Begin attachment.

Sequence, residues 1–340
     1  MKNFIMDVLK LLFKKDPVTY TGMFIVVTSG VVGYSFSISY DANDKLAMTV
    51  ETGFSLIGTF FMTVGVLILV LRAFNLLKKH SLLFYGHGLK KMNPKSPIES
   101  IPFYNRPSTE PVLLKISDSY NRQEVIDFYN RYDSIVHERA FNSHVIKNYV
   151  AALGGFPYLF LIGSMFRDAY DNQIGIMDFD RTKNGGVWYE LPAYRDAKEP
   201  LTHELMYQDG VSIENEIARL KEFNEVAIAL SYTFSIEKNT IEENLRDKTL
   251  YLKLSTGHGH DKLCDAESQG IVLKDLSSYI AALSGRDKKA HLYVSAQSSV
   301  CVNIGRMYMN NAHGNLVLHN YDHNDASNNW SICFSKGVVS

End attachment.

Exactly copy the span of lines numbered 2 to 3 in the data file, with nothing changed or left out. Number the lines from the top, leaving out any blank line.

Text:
     1  MKNFIMDVLK LLFKKDPVTY TGMFIVVTSG VVGYSFSISY DANDKLAMTV
    51  ETGFSLIGTF FMTVGVLILV LRAFNLLKKH SLLFYGHGLK KMNPKSPIES